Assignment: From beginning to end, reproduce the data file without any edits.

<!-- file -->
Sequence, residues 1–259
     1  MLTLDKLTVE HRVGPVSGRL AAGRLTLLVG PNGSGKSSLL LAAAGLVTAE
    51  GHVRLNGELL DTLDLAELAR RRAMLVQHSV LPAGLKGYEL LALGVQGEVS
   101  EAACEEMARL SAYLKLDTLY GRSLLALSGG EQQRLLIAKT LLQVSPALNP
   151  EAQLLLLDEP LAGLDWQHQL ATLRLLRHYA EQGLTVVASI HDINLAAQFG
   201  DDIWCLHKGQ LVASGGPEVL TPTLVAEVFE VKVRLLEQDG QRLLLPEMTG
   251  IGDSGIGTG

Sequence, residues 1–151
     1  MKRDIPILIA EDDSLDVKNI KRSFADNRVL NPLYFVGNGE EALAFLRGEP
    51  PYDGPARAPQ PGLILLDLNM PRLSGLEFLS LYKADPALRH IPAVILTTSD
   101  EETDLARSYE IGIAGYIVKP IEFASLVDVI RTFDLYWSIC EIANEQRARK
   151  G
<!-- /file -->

Sequence, residues 1–259
     1  MLTLDKLTVE HRVGPVSGRL AAGRLTLLVG PNGSGKSSLL LAAAGLVTAE
    51  GHVRLNGELL DTLDLAELAR RRAMLVQHSV LPAGLKGYEL LALGVQGEVS
   101  EAACEEMARL SAYLKLDTLY GRSLLALSGG EQQRLLIAKT LLQVSPALNP
   151  EAQLLLLDEP LAGLDWQHQL ATLRLLRHYA EQGLTVVASI HDINLAAQFG
   201  DDIWCLHKGQ LVASGGPEVL TPTLVAEVFE VKVRLLEQDG QRLLLPEMTG
   251  IGDSGIGTG

Sequence, residues 1–151
     1  MKRDIPILIA EDDSLDVKNI KRSFADNRVL NPLYFVGNGE EALAFLRGEP
    51  PYDGPARAPQ PGLILLDLNM PRLSGLEFLS LYKADPALRH IPAVILTTSD
   101  EETDLARSYE IGIAGYIVKP IEFASLVDVI RTFDLYWSIC EIANEQRARK
   151  G